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review 2016-11-11 23:00
Count down to Birthdays
Only Six More Days - Marisabina Russo

In the book, Molly gets jealous of her little brother, Ben. He is planning his birthday and Molly is not enjoying all the attention being on him. She has a very negative attitude towards her brother throughout the entire book. At the end Ben gets two baseball cards, Molly's old roller skates, a gum rapper chain, and a letter. The letter is sweet from Molly and Ben feels special. In the classroom we would read this book and then talk about if my students have ever felt jealous of someone else. I would have the students talk about why they felt this way and something they could have done to change the outcome.

I would then have a birthday chart and we would fill this out together. I would write students birthdays on my chart and begin a countdown for everyone's birthday. The students would then get a sheet of paper where I could tell them how many more days until their birthday. We would start a countdown with helps students to learn to count backwards.

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review 2016-04-23 03:27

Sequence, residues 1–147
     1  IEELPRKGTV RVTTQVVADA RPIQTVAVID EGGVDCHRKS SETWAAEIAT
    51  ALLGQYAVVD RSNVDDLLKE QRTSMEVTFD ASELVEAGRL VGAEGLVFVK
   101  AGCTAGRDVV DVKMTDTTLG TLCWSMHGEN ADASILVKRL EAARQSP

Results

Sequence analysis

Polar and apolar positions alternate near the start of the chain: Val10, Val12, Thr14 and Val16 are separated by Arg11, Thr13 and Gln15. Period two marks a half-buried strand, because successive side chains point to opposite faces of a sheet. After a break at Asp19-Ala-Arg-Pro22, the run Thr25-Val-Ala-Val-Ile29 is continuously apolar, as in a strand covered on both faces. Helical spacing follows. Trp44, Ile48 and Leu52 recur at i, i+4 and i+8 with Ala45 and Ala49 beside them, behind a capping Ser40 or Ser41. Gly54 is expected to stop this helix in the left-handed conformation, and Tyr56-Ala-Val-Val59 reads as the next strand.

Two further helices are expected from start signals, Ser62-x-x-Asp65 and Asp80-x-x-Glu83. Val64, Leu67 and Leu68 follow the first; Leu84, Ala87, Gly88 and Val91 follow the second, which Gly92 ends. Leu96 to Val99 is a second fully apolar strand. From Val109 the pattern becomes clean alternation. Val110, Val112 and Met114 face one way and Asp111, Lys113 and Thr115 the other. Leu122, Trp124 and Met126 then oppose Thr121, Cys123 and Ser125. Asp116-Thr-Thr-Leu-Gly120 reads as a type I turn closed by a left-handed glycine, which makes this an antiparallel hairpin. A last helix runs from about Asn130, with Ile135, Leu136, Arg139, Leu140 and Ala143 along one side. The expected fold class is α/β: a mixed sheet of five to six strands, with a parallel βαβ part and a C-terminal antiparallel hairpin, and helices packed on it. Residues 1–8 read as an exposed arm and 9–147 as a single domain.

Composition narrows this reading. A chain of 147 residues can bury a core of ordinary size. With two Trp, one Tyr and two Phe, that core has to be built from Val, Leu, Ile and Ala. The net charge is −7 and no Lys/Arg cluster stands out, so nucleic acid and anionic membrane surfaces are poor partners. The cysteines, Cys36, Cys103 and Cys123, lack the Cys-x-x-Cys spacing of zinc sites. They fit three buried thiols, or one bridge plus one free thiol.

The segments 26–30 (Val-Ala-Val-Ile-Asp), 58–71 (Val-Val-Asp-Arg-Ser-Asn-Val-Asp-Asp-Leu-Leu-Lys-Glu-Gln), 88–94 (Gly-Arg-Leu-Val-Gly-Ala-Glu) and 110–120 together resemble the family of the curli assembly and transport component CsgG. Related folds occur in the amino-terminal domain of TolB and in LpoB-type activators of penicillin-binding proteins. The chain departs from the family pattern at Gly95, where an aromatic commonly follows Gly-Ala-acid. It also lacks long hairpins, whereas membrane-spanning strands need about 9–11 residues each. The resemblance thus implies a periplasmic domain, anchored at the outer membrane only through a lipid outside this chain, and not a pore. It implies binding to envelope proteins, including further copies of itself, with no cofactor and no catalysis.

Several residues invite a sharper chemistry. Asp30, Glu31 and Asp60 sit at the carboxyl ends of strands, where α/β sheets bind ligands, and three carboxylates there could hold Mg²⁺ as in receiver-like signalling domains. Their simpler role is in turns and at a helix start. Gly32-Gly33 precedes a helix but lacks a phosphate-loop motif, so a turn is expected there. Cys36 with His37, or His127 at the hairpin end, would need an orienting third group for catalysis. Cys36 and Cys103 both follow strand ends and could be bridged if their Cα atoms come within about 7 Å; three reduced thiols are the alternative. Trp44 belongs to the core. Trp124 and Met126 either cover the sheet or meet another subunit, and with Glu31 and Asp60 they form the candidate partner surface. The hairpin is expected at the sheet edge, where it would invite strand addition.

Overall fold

Life in Reverse
Backwards - Rob Grant


So, at the end of Better Than Life we leave Lister trapped in a universe in which time goes in reverse, namely because he had become so old (due to being caught up in a temporal distortion caused by a black hole) that when they encountered the polymorph he had literally been scared to death (or something like that – I'm not quite sure even though it was about a month ago that I actually read the book). Anyway, in an effort to save his life they take his body to an alternate universe, in which time runs backwards (as I have mentioned), with the intention of picking him up again when he is much younger. I must admit that that is a pretty interesting way of saving one's life, especially when onehas aged a lot quicker to those around them, thanks to the local black hole (though this is all speculation since nobody has actually tested it out – it's based on some guy's, possibly Einstein's, mathematical modeling).


In the previous book it was suggested that life makes no sense to us because our timeline travels in the wrong direction, which means that we find ourselves travelling into the future, namely from birth to death. While hindsight is 20/20, our vision of the future is basically non-existent (though we do have a habit of making speculative assumptions, and once again resorting to mathematical models). Mind you, the fact that the future is unknown gives way for some very profitable industries, form your average circus fortune teller, to the gambling industry, to investment banks like Goldmen Sachs (and isn't all they are doing is making bets based upon statistical probabilities?). However, if we travel backwards it sort of works a little different, we know where we are going, it is just that we progressively forget where we have been.